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Talmudic Debate Raises Modern Questions

Blending current events and tradition, our Grade 8 Beit Midrash students put their Talmudic knowledge to the test in a debate in front of “judges” and an audience of parents. The students came together to study questions related to the current Israel-Hamas conflict — and what next steps, according to Jewish Talmud and text, the Israeli government should take.

Rabbi Hochner, who teaches the class, stressed that the goal of the debate was to analyze Jewish texts. He explained that the debate was the students’ idea, a chance to practice real-world decision-making. 

This event was part of the Grade 8 Beit Midrash Talmud class, the most advanced, in-depth course offered for the grade. The students argued not based on what happened, or even their own personal beliefs, but by the interpretations that they have been working on all year.

Pulling examples from Jewish text, Dylan C. ‘28, Jonathan N. ‘28, and Jake W. ‘28 argued against Jack E. ‘28, Shmuel K. ‘28, Solomon K. ‘28, and Eva W. ‘28 argued in favor.

“We studied both sides, outside sources, and halachic cases for research,” said Jack. “The idea was to see and understand other people’s perspectives.”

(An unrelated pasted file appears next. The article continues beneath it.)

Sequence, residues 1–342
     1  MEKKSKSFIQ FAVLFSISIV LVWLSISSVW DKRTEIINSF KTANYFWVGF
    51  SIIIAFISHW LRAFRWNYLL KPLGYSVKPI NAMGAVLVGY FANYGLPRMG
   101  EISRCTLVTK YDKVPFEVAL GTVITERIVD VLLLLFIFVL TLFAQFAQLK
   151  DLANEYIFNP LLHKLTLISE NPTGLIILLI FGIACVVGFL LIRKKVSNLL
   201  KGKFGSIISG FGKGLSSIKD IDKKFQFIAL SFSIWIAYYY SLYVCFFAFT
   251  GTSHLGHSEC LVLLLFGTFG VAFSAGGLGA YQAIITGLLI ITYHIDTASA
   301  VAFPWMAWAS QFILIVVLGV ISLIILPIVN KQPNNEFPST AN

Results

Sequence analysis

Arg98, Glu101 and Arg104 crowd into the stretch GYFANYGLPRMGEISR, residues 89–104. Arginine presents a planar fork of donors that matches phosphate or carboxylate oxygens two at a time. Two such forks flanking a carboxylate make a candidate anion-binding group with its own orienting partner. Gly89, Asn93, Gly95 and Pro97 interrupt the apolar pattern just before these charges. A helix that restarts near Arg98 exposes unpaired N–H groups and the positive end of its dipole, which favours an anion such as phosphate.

Jonathan agreed: “I went into the eyes of the opponent. I tried to think of what they were going to say, and researched counterpoints to that. There was a lot of preparation, but a lot of thinking on the fly too.”

This was a stunning display of research and public speaking skills, as well as a solid mock trial. Students presented opening statements, were questioned by the judges, and prepared many significant and hard-hitting pieces of evidence. Impressively, they were able to take their own personal feelings and emotions away from the conflict, and examine it with an analytical lens. 

“These kids are brilliant,” praised Mrs. Naim,  Jonathan’s mom. “They discussed such beautiful words of Torah and current topics. Thank you, Rabbi Hochner, for inviting us, I’m so grateful to be here.” 

Learning about the Talmud is important, but developing an understanding of it is even more special. Scheck Hillel offers various options in Jewish Studies, including two separate tracks — Beit Midrash, where texts are read in Hebrew and Aramaic, and Yahadut, where texts are read in English. This allows students to explore topics and learning styles that most fit their interests, their passions, and their individual Jewish journey.